This is all to say that I don’t view “copyright infringement” as constituting any true offense. On the contrary, it’s simply the people taking back what was rightfully meant for them to begin with- but I’m not here to talk about that.
No, I’m here to talk about how the music and film industries’ witchhunt for media pirates is doing them (and everyone else) far more harm than good. Let me break it down for you.
I. Some People Will Never Buy
It’s a strange statement, but a true one. There may be a slim minority of people who pirates actually are keeping from the major industries through their cheaper/free service, however it ought to be fairly safe to say that there are plenty of people out there who would not otherwise listen to certain artists or watch certain shows. We’re living in tough times, and with your average movie ticket running at about twenty bucks (to say nothing of the gas getting to the theater and back), for many of us piracy is the only way we’ll see new movies and shows. Assuming there’s a segment of the population who will never, ever pay to see The Godfather, stamping out free avenues- namely piracy- doesn’t save the industry any cash. On the contrary, it just means that those people who don’t get to see the movie because they won’t pay for it aren’t talking about it, and generating buzz that might well attract people who will pay to see the movie. And speaking of them…
II. Some People Will Always Buy
Just as some people simply can not or will not pay (such outrageous prices) for entertainment, you will find people who will spare no expense when it comes to it. There are plenty of people who want to see movies on the big screen. There are plenty of people who want to see their band live in concert.The Mona Lisa is a perfect example of this.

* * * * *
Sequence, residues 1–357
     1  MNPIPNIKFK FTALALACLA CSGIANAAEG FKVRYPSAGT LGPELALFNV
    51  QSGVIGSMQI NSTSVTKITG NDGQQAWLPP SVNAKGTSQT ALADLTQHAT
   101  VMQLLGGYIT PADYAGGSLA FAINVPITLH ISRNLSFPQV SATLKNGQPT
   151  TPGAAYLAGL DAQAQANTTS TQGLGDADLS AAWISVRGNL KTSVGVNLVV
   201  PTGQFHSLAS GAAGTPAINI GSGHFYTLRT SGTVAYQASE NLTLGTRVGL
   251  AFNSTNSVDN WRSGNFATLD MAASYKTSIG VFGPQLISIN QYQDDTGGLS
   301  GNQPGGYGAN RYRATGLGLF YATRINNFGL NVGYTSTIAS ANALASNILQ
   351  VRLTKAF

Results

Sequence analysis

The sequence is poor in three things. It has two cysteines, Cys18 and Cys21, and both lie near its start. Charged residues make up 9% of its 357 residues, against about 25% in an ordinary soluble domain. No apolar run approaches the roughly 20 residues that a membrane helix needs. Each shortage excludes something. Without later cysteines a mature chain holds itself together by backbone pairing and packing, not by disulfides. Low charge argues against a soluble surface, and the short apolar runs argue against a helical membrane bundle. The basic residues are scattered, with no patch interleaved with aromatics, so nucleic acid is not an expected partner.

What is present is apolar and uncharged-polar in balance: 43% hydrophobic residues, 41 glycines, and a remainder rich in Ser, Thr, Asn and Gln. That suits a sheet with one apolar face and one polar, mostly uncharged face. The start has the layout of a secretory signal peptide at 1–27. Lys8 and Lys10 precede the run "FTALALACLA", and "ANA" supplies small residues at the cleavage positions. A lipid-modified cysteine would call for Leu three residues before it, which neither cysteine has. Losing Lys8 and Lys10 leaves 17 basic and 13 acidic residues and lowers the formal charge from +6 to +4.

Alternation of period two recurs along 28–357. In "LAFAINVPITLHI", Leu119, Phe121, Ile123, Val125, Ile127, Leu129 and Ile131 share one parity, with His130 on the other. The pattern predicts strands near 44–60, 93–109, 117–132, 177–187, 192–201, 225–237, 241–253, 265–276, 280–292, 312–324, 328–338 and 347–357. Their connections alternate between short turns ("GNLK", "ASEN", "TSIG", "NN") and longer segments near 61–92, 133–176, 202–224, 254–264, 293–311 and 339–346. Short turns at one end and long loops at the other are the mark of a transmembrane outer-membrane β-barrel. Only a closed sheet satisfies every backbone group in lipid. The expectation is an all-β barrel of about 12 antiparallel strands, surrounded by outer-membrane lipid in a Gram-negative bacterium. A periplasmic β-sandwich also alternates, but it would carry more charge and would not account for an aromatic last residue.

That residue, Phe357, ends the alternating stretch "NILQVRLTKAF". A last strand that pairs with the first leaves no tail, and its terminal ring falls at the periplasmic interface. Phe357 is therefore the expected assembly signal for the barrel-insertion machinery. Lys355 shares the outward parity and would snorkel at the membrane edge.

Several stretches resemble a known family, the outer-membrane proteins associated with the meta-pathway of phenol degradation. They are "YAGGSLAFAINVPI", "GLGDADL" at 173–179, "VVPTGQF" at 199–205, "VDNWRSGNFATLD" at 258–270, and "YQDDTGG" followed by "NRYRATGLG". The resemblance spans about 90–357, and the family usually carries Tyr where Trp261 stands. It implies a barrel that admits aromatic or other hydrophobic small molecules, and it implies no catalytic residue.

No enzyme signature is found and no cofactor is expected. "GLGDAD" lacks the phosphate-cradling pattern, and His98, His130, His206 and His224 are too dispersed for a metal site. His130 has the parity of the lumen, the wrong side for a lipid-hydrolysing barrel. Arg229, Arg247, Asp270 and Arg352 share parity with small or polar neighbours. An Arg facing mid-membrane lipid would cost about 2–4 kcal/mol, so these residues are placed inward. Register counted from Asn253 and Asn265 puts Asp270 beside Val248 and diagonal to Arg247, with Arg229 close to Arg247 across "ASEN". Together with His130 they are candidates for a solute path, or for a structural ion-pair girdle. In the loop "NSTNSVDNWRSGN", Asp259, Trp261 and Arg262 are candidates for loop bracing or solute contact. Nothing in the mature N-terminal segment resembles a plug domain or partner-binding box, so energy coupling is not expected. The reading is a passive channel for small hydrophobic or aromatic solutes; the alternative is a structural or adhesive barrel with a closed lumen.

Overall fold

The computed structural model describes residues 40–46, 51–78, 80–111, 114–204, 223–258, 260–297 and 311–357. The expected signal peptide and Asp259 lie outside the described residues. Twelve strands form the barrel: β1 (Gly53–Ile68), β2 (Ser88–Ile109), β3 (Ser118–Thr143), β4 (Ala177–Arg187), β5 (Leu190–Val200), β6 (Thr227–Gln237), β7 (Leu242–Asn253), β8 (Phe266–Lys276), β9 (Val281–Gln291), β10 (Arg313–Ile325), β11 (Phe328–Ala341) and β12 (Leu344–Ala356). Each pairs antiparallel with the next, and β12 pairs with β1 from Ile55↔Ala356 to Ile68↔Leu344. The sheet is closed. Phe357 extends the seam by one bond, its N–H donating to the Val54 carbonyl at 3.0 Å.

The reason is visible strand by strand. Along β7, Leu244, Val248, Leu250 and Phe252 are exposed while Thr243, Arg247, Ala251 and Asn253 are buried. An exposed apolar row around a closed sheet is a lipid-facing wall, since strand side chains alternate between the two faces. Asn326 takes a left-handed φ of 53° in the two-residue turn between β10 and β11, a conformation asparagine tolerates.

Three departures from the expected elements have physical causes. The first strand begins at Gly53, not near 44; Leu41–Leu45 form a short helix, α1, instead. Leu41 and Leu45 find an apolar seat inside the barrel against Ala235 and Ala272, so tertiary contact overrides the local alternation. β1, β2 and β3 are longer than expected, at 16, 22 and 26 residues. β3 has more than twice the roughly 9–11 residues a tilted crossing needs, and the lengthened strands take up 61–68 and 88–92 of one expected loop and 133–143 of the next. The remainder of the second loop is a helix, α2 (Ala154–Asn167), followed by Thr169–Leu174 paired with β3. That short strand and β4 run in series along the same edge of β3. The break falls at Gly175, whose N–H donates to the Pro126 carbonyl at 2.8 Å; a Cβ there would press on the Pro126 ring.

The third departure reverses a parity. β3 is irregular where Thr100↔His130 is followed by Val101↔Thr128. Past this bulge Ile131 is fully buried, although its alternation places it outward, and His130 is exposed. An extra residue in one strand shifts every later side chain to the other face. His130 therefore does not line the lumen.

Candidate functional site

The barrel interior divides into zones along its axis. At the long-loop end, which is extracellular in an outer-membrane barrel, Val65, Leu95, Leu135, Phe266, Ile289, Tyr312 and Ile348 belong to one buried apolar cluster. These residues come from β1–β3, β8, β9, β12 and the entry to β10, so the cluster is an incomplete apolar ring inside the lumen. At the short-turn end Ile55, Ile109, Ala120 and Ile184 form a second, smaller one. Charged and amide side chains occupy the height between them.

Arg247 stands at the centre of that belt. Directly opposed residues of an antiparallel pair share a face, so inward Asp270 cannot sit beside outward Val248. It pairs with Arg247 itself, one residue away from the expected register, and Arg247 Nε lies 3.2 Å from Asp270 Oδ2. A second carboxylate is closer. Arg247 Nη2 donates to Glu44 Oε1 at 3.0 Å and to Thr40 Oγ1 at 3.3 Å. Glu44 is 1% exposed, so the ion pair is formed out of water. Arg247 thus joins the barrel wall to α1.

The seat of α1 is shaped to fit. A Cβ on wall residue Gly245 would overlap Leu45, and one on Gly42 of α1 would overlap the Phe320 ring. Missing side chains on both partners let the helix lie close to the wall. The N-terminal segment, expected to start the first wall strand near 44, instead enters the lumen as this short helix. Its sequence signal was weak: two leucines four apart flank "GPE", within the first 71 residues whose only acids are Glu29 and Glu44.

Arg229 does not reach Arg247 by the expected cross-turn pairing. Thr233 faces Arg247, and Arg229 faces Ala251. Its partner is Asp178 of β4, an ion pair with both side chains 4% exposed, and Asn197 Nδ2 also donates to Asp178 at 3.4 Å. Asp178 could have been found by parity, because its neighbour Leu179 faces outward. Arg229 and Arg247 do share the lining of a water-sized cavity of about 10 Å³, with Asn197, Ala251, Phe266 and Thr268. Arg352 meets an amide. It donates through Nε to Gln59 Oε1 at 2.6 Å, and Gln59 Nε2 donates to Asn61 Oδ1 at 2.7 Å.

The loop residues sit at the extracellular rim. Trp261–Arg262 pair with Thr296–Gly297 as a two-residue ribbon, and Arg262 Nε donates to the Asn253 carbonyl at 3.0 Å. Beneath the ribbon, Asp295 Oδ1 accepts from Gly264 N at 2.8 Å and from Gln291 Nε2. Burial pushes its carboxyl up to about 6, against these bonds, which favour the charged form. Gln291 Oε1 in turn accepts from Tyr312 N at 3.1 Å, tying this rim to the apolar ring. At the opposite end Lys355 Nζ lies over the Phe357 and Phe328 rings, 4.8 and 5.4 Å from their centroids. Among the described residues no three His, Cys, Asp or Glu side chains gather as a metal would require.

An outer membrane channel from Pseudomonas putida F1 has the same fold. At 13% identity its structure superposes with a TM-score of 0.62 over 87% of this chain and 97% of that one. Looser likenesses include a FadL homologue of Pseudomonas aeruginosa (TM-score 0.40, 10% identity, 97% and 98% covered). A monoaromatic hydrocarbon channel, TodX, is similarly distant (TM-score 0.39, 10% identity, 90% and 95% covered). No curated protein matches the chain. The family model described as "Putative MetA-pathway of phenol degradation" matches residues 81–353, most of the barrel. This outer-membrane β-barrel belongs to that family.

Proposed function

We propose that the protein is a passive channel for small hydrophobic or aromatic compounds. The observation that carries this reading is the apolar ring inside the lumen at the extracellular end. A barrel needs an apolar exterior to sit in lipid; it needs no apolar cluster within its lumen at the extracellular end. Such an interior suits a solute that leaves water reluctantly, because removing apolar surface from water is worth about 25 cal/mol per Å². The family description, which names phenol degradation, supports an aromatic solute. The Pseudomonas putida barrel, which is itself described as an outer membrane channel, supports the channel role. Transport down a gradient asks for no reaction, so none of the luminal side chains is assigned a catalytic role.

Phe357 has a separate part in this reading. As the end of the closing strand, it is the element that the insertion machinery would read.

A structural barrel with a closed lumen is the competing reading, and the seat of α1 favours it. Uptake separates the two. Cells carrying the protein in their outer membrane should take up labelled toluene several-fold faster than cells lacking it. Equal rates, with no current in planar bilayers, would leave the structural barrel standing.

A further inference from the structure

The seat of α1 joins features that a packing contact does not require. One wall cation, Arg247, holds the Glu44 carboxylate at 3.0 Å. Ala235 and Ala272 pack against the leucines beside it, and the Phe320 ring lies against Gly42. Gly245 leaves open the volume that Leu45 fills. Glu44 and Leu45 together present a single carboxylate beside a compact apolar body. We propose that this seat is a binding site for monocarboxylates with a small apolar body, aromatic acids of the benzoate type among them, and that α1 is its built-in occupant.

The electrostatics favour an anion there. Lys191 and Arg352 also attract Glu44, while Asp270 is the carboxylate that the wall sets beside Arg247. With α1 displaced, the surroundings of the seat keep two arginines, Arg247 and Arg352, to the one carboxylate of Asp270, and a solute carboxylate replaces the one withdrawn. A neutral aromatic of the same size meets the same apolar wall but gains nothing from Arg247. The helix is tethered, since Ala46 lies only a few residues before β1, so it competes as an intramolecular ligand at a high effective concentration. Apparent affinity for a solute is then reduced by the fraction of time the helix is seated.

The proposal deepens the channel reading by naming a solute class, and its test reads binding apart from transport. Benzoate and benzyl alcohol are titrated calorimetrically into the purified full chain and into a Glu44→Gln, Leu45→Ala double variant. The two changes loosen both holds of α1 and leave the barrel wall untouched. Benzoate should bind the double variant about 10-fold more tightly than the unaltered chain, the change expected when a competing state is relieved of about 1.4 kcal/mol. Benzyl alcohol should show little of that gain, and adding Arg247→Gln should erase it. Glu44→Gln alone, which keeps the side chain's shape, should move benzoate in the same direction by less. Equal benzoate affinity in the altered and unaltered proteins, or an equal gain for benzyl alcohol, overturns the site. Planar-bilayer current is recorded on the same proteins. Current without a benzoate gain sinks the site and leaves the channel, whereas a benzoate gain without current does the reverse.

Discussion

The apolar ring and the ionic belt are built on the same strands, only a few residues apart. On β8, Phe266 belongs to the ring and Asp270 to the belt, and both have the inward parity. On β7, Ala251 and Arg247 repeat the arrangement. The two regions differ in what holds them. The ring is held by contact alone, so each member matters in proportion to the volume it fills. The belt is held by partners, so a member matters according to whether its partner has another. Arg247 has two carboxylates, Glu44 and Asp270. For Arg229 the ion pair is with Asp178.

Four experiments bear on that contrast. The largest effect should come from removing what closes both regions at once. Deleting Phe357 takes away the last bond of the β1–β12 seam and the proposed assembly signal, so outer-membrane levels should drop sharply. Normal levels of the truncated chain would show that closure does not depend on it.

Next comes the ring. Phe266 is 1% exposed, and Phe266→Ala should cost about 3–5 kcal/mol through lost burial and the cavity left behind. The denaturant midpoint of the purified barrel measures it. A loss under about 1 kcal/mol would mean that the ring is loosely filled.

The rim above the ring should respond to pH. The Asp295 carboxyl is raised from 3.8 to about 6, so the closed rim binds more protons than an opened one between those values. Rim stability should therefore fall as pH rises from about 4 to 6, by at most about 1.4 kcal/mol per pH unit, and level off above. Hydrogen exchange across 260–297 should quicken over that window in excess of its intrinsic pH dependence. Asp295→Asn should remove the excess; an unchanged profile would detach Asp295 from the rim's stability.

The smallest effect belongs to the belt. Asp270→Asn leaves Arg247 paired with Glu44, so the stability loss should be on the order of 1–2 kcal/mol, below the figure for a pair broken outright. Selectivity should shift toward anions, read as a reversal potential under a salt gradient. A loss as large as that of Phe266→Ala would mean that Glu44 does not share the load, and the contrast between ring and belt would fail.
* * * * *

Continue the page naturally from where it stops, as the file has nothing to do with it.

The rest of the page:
You can see pictures of Mona Lisa anywhere; it’s one the most widely recognized images in human history. Because it’s available for free most anywhere, no one will actually go see it, right? After all, it’s been “pirated” to death. Yet that room in the Louvre is packed wall to wall with people who want to see the thing for themselves. Why? Because it’s the original. Doesn’t matter that it’s roped off, or behind glass, or barely visible, or that the guards usher you along after thirty seconds- it’s still wildly popular. The same is true of all media. Some people- plenty of people- will part with their cash to see Avatar in 3D, rather than watching some grainy, laggy version taken on a hand-held video camera in Thailand.